Lesson Plan:

Button Classification

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Grade
Subject
Standards
August 10, 2015
by Sharon Schellenberg

Learning Objectives

Students will be able to classify objects into categories based on their attributes.

Lesson

Introduction (5 minutes)

  • Gather your students into a circle and display the cover of Pete the Cat and His Four Groovy Buttons.
  • Read the book, placing extra emphasis on the colors and shapes mentioned in the story.
  • Tell your students that they will be learning to categorize buttons by their attributes.

Explicit Instruction/Teacher Modeling (10 minutes)

  • Ask your students to guess what an attribute is.
  • Give clues by describing some attributes about yourself.
  • Tell your students that an attribute is something that describes someone.
  • Scatter the button cards in the circle.
  • Invite your students to describe some ways the buttons could be organized.
  • Invite each student choose a button card that is near him.
  • Go around the circle and ask each student to describe his button card by color, shape, and button holes.

Guided Practice/Interactive Modeling (15 minutes)

  • Tell your students they will play a classification game with the buttons.
  • Tell your students that classification is putting things into groups that have the same attributes.
  • Tell your students that you will call out an attribute and they will stand and find their friends that have button cards with those same attributes.
  • As soon as they find their group, they will sit together and hold their cards in the air.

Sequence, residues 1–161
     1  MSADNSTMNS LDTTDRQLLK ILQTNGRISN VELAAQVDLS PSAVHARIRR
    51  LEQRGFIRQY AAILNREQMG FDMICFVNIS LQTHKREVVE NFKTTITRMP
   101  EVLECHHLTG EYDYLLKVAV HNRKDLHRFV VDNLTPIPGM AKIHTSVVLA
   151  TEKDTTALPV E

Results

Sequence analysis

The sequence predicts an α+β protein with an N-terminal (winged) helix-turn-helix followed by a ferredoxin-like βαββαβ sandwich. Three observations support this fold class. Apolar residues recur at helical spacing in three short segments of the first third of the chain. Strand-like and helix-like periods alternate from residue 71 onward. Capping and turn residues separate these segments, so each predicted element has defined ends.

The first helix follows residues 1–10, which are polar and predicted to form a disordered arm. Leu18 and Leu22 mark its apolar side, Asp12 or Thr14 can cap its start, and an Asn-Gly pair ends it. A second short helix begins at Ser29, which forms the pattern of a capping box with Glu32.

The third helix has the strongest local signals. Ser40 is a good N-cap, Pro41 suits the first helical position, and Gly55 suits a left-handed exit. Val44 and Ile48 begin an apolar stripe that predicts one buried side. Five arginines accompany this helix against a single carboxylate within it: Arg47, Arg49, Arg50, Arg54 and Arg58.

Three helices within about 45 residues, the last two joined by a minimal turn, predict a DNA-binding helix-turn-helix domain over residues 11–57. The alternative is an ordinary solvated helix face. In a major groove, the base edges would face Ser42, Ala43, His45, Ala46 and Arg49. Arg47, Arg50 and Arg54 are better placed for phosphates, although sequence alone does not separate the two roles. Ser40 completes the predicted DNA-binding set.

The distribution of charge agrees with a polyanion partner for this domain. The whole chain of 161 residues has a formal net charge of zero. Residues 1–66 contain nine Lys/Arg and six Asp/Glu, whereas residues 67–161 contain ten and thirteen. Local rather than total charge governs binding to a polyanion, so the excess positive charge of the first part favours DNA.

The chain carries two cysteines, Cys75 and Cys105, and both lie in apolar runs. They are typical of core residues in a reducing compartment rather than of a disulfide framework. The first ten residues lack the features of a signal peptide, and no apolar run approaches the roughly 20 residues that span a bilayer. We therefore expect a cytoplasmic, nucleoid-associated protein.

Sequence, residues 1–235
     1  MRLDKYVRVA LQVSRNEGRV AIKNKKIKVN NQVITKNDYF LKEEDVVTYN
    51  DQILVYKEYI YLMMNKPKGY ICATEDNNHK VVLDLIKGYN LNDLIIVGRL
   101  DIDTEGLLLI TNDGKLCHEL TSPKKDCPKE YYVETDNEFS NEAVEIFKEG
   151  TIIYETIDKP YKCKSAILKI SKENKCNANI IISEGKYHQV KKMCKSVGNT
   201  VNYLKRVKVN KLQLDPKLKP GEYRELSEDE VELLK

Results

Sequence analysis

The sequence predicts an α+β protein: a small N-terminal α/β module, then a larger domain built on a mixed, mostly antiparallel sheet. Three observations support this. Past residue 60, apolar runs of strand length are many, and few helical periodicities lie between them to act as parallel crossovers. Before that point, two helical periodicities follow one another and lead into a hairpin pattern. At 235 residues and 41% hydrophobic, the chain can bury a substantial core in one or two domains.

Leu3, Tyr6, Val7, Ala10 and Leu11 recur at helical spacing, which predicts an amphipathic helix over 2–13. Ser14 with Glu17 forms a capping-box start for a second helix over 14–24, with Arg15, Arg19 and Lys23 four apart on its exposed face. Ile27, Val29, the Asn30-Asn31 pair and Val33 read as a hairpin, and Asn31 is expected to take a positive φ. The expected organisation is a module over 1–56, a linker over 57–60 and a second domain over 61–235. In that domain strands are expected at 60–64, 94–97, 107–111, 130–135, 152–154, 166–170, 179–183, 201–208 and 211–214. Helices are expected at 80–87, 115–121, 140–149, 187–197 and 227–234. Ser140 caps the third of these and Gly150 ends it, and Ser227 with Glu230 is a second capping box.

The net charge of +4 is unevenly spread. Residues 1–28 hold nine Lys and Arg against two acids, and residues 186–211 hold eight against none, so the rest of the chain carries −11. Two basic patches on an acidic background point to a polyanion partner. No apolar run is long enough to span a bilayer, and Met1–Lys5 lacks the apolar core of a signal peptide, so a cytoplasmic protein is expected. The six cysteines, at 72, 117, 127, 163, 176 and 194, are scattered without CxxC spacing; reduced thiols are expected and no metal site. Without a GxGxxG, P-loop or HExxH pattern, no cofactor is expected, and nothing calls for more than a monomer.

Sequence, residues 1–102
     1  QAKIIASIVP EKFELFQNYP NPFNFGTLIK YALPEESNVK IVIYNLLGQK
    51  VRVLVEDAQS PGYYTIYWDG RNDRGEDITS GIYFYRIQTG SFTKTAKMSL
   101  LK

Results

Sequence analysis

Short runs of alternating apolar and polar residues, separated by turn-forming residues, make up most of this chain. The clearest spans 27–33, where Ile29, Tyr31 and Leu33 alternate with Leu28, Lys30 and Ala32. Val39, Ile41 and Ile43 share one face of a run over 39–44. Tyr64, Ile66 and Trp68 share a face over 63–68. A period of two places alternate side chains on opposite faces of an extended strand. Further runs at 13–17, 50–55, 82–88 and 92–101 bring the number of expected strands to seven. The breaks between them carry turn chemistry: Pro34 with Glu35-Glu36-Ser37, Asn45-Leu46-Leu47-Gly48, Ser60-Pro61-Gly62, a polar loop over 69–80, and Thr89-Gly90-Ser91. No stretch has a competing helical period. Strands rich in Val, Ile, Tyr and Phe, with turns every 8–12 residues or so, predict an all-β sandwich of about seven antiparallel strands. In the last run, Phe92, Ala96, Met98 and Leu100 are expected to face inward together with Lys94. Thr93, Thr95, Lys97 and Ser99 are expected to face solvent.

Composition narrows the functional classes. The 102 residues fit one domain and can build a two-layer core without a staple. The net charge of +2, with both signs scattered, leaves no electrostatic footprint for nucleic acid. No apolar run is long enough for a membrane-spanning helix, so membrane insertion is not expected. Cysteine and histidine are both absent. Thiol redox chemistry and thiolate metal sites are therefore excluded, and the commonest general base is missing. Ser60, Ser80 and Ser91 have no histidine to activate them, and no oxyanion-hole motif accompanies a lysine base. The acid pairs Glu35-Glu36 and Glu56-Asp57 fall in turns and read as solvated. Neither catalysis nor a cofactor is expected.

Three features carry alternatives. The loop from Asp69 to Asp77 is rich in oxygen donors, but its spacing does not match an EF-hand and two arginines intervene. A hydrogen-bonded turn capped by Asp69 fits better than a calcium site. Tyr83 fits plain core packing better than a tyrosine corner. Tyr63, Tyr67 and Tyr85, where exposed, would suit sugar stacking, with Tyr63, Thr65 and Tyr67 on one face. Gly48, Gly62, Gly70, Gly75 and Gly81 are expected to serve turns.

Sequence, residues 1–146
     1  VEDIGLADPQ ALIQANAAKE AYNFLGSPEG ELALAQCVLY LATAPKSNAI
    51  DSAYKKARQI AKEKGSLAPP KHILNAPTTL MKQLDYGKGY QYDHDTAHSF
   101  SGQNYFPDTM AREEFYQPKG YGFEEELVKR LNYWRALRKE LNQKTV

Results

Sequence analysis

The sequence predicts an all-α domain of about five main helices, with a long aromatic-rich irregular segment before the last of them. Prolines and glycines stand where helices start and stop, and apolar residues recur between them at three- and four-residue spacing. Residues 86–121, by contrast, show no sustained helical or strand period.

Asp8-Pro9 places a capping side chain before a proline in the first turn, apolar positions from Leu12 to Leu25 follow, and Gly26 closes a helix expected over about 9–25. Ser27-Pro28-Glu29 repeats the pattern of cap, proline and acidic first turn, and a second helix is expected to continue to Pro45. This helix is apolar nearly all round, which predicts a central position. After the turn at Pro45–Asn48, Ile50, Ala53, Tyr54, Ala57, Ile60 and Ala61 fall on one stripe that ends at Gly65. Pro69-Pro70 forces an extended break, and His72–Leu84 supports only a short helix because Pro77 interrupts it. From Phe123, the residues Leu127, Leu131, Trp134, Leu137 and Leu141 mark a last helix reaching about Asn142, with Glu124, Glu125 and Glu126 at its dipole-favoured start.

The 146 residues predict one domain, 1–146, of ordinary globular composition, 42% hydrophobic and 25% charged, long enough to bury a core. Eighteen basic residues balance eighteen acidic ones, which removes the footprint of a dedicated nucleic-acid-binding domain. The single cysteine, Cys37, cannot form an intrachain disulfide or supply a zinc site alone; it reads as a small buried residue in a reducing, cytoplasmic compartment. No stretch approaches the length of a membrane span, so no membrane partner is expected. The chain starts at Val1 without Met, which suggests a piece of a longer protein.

• Advise your students to avoid yelling and running as they find their groups.
  • Begin the game by calling out, "Colors!"
  • Your students will look at their button cards, stand up and find friends with the same color buttons.
  • As soon as they find their group, they will sit together and hold their button cards in the air.
  • Continue the game by calling out, "Shapes!"
  • Continue the game by calling out, "Number of holes!"
  • Invite your students to trade button cards with a friend, then play the game again.
  • Have your students return to the circle with their button cards.
  • Tell your students that you will call out a specific attribute. If their button card matches the attribute, they will hold their card up.
  • Play by calling out different attributes: e.g. yellow, blue, four holes, and so on.
  • Tell your students you will call out two attributes.
  • If their card matches both attributes, they will hold their card in the air.
  • Play by calling out the following: red + four holes, green + four holes, pink + triangle, blue + square.
  • Continue the game by inviting students to call out their own attributes.

Independent Working Time (15 minutes)

  • Collect the button cards.
  • Hand out the Buttons worksheet.
  • Tell your students to put the sheet on the floor in front of them.
  • Tell your students to put a finger on a triangle button.
  • Explain that they will be drawing a circle around all of the triangles.
  • Tell your students to put a finger on a blue button.
  • Explain that they will be drawing a line under the blue buttons.
  • Ask your students if they have questions about the worksheet.
  • Dismiss your students to work in their table spots.
  • Observe and support your students as they work.

Extend

Differentiation

  • Enrichment: Above level students may complete one of the optional graphs to further categorize the button worksheet.
  • Support: Give struggling students simple clues as they work.

Related Books and/or Media

Review

Assessment (5 minutes)

  • During Guided practice, look for students who are participating and following the rules.
  • Your students should be able to quickly respond to the attribute prompts by the end of the game.
  • During Independent Working Time, look for students who are following directions and focusing on their own work.
  • Your students should be able to circle the triangles.
  • Your students should be able to underline the blue buttons.

Review and Closing (5 minutes)

  • Ask your students to describe what an attribute is.
  • Ask your students to describe what a category is.
  • Ask your students to think of other things that could be put into categories.

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